When FT4 is low, the thyroid is underactive; therefore, you may have hypothyroidism. Likewise, if FT4 is high, it may mean the thyroid is overactive, and you may have hyperthyroidism.

Triiodothyronine (T3)

T4 and T3 are known collectively as thyroid hormones, as T4 is converted into T3. Like T4, T3 is also a thyroid hormone that can be free or bound. However, unlike T4, T3 is the form of the hormone that is usable by cells. When T4 passes through certain organs, such as the liver, it converts into T3, which can then enter cells. About 20% of the thyroid hormone in your body is T3, whereas 80% is T4.

Testing T3 is most often used to diagnose hyperthyroidism. T3 is assessed when FT4 is normal, but TSH is low in a thyroid cascade profile test. Again, when TSH is low, it can mean a person has hyperthyroidism.

Thyroperoxidase antibodies

Thyroperoxidase antibodies may indicate the presence of Hashimoto's thyroiditis or Graves' disease. Both are autoimmune conditions, meaning the body's immune system attacks the thyroid gland. Hashimoto's is the leading cause of hypothyroidism in the United States, and Graves' is a very common cause of hyperthyroidism.

Antibodies are proteins the immune system makes to fight foreign invaders like bacteria and viruses. When autoimmunity occurs, the immune system produces antibodies to fight itself, which can be highly detrimental to our health when left untreated. Sometimes, antibodies directly attack tissue, whereas others force the thyroid to make excess amounts of thyroid hormone.

How to interpret your thyroid cascade panel results

Lab values and ranges vary between labs. Therefore, looking at the set parameters for your specific lab performing the panel is necessary. Generally speaking, and followed by the Mayo Clinic, the following are parameters for when the cascade is initiated:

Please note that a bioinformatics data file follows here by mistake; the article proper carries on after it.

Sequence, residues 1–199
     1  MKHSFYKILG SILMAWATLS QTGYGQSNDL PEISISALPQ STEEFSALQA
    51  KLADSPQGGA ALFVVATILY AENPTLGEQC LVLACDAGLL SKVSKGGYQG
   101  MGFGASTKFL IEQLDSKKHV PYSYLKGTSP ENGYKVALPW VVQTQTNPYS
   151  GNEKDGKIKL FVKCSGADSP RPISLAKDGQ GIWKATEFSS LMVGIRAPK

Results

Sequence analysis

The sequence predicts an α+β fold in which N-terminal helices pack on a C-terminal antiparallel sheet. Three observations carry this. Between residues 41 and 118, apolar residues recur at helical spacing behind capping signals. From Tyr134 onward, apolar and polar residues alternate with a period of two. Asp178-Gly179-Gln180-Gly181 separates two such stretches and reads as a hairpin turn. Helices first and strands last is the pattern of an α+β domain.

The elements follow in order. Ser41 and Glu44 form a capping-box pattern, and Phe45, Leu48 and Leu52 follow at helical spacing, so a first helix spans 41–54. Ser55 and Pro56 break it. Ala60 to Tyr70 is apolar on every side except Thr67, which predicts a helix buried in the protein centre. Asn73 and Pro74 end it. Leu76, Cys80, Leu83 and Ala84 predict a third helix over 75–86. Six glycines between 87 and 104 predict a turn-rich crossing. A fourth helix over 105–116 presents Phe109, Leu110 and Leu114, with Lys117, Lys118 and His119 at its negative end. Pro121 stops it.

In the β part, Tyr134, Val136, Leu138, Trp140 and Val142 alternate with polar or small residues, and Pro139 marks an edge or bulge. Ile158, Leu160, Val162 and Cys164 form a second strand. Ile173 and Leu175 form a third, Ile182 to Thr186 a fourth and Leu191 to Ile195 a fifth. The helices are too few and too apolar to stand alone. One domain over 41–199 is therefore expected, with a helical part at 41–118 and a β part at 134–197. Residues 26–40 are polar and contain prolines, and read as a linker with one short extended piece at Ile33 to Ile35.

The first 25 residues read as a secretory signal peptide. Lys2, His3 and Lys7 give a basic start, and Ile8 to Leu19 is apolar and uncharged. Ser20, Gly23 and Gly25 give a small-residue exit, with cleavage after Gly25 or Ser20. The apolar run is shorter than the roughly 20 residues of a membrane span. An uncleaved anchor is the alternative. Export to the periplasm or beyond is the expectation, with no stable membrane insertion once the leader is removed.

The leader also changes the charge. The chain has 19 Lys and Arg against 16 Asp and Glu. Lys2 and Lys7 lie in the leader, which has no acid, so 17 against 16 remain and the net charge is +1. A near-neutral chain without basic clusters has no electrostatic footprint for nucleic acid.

• If TSH is <0.3 mIU/L, then FT4 is tested (to assess for hyperthyroidism)
  • If FT4 is normal and TSH is <0.1 mIU/L, then T3 is tested (to evaluate for hyperthyroidism)
  • If TSH is >4.2 mIU/L, then FT4 and thyroid antibodies are tested (to evaluate for hypothyroidism and Hashimoto's)

A note from Paloma

Your provider should review your results with you and help you understand what they mean about your thyroid function. If you are diagnosed with hypothyroidism, you will likely need to be on thyroid hormone replacement medication for the rest of your life. Hypothyroidism can be well managed with the correct dose of thyroid medication after taking a full-panel, at-home thyroid test kit. If you have hyperthyroidism, you may need to take antithyroid medications, and if problems persist, you may need to have some of your thyroid gland removed to reduce hormone secretion.

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Julia Walker, RN, BSN

Clinical Nurse

Julia Walker, RN, BSN, is a clinical nurse specializing in helping patients with thyroid disorders. She holds a Bachelor of Science in Nursing from Regis University in Denver and a Bachelor of Arts in the History of Medicine from the University of Colorado-Boulder. She believes managing chronic illnesses requires a balance of medical interventions and lifestyle adjustments. Her background includes caring for patients in women’s health, critical care, pediatrics, allergy, and immunology.